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First Report of Asian Brown Rot Caused by Monilia polystroma on Apricot in Switzerland

January 2012 , Volume 96 , Number  1
Pages  146.1 - 146.1

M. Hilber-Bodmer, V. Knorst, T. H. M. Smits, and A. Patocchi, Agroscope Changins-Wädenswil ACW Research Station, Plant Protection and Fruit and Vegetable Extension, Post Box, CH-8820 Wädenswil, Switzerland

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Accepted for publication 1 September 2011.

A survey for Monilia fructicola (G. Winter) Honey on apricots (Prunus armeniaca L.) was conducted in July and August 2009 and 2010 in Canton Wallis, Switzerland. Mummies of fruits showing brown rot were collected and isolations were conducted. Nearly 200 fungal isolates, tentatively identified as M. fructigena, were retested with a multiplex PCR (1). With the Agilent 2100 Bioanalyzer (Agilent Technologies, Basel, Switzerland) instead of 1.5% agarose gels, the 23 bp difference between the diagnostic fragments of M. fructigena and M. polystroma van Leeuwen (1) could clearly be scored. M. polystroma was diagnosed in 3 of 65 and 1 of 132 isolates collected in 2009 (13 orchards) and 2010 (10 orchards), respectively. The internal transcribed spacer (ITS) regions of four isolates (09-G4, 09-P16, 09-S5, and 10-C6) were amplified and sequenced (4). The four sequences (GenBank No. JN128835) as well as those of the Hungarian isolate UFT (AM937114 [3]) were identical and highly similar to the type sequence for M. polystroma (Y17876 [2]). The type sequence had a “T” at position 414, which was lacking in the other five sequences. The genomic region of unknown function used by Côté et al. (1) to develop their PCR diagnostic tool was sequenced for isolate 09-G4 with primers MFG.for (3) and M Poly rev 5′-CCACTTACATTTTTGGCTATTG-3′. The Swiss isolate (GenBank No. JN128836) and the Hungarian isolate UFT (AM937120) sequences were identical. The pathogenicity of isolate 09-G4 was tested on Golden delicious apples. Six apples were surface sterilized (70% ethanol), halved, and placed in sterile plastic boxes cut-side down. Further, six half apples were wounded in the center with a round scalpel with a diameter of 1 cm and inoculated with a round, potato dextrose agar (PDA) plug (1-cm diameter) of actively growing mycelium (5- to 7-day-old culture). Control apples (six halves) were treated with a PDA plug without mycelium. All fruits were incubated at 20°C with a 12-h light 12-h dark cycle. Seven days after inoculation, typical brown rot symptoms were visible on all inoculated fruits. Mock inoculated fruits remained healthy. Three inoculated halves, in addition to the brown rot symptoms, also produced sporodochia and around the inoculation point the tissue become black. With the multiplex PCR (1), M. polystroma was identified as the pathogen causing brown rot symptoms on the inoculated apples. The ellipsoid single-cell hyaline conidia of isolate 09-G4 grown on the Golden delicious apples averaged 15.2 ± 4.0 × 8.97 ± 1.1 μm and were the expected size for M. polystroma conidia (14.9 to 9.1 μm [4]). The first evidence of a new Monilia species was reported by Fulton et al. (2). They found that M. fructigena isolates from Japan were distinguishable from European isolates by five base substitutions in the ITS region (four in ITS1 and one in ITS2). Later, van Leeuwen et al. (4) found that the two groups of isolates could also be distinguished by morphological differences and described the new species as M. polystroma. According to the Centre for Agricultural Bioscience International, the impact of M. polystroma in a new area is presumed to be the same or very similar to that of M. fructigena. To our knowledge, this is the first report of M. polystroma in Swiss orchards.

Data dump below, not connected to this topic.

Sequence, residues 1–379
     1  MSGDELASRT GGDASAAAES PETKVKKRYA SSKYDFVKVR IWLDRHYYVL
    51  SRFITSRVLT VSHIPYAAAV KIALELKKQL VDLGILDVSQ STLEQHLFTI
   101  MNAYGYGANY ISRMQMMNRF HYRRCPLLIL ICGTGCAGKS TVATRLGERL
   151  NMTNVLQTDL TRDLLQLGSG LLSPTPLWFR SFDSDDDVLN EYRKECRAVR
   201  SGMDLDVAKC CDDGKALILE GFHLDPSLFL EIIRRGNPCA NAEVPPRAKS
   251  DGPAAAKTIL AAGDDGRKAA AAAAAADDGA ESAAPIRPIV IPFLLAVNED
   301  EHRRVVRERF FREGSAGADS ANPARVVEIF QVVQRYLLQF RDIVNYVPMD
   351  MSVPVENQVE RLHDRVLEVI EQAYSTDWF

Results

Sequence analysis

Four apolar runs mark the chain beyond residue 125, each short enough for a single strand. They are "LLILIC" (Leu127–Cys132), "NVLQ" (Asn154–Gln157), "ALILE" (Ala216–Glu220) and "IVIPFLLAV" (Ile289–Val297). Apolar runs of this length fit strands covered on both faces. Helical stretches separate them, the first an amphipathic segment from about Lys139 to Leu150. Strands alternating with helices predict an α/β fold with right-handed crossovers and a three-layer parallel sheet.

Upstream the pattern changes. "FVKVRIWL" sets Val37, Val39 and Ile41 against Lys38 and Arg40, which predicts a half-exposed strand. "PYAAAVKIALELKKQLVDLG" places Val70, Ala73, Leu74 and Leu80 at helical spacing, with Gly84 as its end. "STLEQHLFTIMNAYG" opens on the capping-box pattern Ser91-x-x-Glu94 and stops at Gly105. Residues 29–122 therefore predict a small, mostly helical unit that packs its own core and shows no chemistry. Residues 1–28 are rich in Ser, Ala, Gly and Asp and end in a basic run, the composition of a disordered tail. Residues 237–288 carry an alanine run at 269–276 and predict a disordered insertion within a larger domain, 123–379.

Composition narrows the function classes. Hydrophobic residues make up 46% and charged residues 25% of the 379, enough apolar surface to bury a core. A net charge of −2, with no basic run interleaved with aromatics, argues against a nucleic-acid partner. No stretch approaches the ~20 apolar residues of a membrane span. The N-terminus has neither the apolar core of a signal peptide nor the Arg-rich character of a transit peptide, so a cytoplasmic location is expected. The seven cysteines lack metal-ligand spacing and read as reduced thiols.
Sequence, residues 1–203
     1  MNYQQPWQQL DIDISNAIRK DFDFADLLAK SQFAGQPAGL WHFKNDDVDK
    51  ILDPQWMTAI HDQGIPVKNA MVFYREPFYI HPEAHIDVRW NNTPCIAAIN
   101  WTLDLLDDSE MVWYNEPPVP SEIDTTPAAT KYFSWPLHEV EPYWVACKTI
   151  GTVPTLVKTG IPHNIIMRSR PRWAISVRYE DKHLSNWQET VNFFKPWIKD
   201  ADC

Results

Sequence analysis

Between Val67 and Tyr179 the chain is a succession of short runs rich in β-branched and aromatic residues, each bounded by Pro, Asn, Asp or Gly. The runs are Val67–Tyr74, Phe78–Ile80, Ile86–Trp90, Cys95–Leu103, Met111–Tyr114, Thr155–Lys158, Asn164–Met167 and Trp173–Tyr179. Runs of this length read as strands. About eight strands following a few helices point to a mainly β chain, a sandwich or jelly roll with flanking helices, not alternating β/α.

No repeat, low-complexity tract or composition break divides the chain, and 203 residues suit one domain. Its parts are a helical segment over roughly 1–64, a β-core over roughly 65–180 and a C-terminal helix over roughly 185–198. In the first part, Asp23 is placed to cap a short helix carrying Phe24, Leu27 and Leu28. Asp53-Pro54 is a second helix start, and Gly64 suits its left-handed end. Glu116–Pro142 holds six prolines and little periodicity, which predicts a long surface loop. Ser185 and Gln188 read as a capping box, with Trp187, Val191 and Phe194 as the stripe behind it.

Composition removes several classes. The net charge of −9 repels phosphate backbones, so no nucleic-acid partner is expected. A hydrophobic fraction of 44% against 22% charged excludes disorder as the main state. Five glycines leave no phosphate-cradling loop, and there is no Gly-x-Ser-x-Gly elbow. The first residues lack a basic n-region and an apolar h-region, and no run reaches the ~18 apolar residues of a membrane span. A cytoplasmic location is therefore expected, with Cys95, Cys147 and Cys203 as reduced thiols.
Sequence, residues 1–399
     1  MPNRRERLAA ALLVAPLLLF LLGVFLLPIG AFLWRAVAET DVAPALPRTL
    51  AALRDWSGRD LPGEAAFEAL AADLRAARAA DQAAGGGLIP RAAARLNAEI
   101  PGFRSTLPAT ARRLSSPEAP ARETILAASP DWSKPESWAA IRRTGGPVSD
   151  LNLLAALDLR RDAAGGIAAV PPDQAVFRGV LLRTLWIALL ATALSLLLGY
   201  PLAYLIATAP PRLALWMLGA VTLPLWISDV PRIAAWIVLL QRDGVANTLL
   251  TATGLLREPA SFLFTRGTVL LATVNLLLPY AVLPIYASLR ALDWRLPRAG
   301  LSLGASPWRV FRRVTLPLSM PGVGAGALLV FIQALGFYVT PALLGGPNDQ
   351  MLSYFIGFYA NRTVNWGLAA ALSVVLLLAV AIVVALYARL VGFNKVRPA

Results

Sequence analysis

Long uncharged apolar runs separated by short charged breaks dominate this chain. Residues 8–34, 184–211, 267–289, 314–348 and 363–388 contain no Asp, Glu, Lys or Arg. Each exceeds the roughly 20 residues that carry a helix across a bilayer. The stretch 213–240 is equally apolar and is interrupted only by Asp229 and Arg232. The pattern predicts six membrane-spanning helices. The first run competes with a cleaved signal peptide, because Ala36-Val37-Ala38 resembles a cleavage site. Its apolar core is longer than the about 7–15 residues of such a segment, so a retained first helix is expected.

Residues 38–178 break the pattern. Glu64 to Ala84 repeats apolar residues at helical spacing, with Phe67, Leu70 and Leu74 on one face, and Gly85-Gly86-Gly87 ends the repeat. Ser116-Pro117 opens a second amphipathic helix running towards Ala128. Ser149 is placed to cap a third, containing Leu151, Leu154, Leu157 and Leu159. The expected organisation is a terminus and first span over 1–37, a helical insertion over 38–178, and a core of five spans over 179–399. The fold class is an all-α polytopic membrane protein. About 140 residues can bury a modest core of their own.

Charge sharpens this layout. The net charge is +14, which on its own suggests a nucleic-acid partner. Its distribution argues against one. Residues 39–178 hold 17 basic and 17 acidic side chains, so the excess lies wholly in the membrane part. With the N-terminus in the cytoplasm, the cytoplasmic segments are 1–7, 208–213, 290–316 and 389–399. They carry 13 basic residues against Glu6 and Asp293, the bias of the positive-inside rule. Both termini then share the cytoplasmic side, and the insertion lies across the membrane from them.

References: (1) M.-J. Côté et al. Plant Dis. 88:1219, 2004. (2) C. E. Fulton et al. Eur. J. Plant Pathol. 105:495, 1999. (3) M. Petróczy and L. Palkovics. Eur. J. Plant Pathol. 125:343, 2009. (4) G. C. M. van Leeuwen et al. Mycol. Res. 106:444, 2002.

© 2012 The American Phytopathological Society